Truth to say, however, no ingathering of such data appears to have been made, or, if made, to have been given publication; and, failing statistics at second hand, we have endeavored by search at first hand through some two hundred biographies, to supply the want—less, be it added, as a basis for generalization upon our own part than as an offering of material for study and analysis by others.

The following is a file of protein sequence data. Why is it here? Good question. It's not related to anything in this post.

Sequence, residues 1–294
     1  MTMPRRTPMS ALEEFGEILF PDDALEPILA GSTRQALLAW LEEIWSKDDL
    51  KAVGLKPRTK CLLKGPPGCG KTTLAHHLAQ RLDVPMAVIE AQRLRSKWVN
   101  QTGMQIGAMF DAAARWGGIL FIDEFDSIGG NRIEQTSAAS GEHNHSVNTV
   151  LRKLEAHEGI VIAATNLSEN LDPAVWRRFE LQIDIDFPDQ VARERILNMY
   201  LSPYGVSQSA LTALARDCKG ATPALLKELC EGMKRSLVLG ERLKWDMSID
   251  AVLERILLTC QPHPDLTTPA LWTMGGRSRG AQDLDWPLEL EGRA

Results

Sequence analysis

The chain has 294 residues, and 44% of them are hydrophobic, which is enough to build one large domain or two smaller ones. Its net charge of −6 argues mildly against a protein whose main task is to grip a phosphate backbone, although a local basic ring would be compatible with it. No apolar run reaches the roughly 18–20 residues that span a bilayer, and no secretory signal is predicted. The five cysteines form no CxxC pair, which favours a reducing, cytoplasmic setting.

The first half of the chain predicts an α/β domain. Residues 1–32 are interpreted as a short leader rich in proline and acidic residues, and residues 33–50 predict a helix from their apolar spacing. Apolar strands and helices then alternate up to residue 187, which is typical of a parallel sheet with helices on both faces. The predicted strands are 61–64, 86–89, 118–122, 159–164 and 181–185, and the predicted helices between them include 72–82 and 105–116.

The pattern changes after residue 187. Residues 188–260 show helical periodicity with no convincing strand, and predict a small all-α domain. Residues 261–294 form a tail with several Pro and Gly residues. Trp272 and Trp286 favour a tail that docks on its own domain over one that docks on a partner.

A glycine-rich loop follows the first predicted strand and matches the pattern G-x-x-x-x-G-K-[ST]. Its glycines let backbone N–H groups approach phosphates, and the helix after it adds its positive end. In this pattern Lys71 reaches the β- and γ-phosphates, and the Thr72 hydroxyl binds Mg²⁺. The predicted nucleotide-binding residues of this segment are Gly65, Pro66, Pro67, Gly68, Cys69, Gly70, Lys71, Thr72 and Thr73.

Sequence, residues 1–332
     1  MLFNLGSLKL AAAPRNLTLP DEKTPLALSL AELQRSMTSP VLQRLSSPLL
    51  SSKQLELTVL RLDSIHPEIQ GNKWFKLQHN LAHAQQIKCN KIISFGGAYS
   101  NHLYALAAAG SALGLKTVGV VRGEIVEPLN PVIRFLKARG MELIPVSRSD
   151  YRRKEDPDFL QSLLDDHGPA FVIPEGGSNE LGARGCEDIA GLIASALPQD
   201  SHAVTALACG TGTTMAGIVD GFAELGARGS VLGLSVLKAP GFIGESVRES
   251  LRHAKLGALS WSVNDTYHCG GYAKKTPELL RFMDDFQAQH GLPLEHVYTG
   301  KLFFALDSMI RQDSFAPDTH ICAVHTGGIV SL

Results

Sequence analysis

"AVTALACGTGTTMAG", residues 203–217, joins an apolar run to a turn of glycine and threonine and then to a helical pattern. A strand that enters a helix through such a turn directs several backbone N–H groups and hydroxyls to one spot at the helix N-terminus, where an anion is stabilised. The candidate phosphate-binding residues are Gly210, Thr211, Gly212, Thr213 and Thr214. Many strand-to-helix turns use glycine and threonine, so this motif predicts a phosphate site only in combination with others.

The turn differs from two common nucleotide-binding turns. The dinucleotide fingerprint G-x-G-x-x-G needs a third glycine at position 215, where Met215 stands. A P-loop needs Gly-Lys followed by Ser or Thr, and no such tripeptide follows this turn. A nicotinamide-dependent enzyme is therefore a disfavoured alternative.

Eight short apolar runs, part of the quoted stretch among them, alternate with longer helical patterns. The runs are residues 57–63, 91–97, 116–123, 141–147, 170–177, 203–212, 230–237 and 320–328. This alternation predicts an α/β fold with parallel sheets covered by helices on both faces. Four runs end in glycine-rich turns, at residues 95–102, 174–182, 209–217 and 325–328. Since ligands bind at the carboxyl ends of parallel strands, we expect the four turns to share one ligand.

The feature of the countenance which first strikes the observer is the eye—the "lamp of the body" as it is called in the new testament, but more fitly, perhaps, the "lamp of the soul," for in very truth the eyes are the lighted portals to man's inner nature. The most noteworthy circumstance which our data offer is the very large predominance of blue, gray and bluish-gray eyes among personages of distinction. Thus, of seventy-six eminent men whose biographies afforded the information, twenty-five appear to have had blue eyes, seventeen gray and thirteen bluish-gray, making a total of fifty-five. Boasting eyes of blue—the color-symbol of goodness, according to the mystics—were Samuel Adams (dark blue), Matthew Arnold, Charles XII. of Sweden (dark blue), Longfellow, Stephen A. Douglas (dark blue), Eugene Field, Stonewall Jackson ("as a child, blue-eyed "), Charles George Gordon (pale blue), Patrick Henry, Oliver Wendell Holmes, Andrew Jackson, Charles Godfrey Leland, "Washington Irving (given as gray by some biographers), Washington Alston, James Monroe (blue, approaching gray), Napoleon ("steel blue"), John Ruskin, Savonarola (dark blue), Wm. H. Seward, Shelley, Chas. Sumner ("deep blue"). General Thomas, Grieg, Weber. Among gray eyes—"deep and sly" if we are to heed an old proverb—we have Michael Angelo ("light eyes"). Browning, Caesar (variously given as dark gray and black), Carnegie, Coleridge (described by other authorities as light hazel), Columbus (light gray). Sir Thomas More, Wm. Hazlitt, Ibsen (pale eyes), Washington Irving (dark gray but, according to others, blue), Thomas Jefferson ("gray flecked with hazel"), Milton (dark gray), Francis Parkman, S. S. Prentiss (dark gray), Robespierre ("pale greenish gray"), Tolstoy, Tennyson (this according to Caroline Fox, but, according to Carlyle, hazel). As representing a blend or play of both colors we have the names of George William Curtis, Charles Darwin, Frederick the Great, U. S. Grant (according to some biographers "dark gray"), Walter Savage Landor, Sidney Lanier, Napoleon (given by others as steel blue), Longfellow (given by other authorities as blue), Theodore Parker, Rossetti (between hazel and blue gray), Thoreau, George Washington, Whitman. It will have been noted that the same name appears occasionally in two of these lists This is owing to a conflict between biographers and the same circumstance will explain a like duplication in future lists.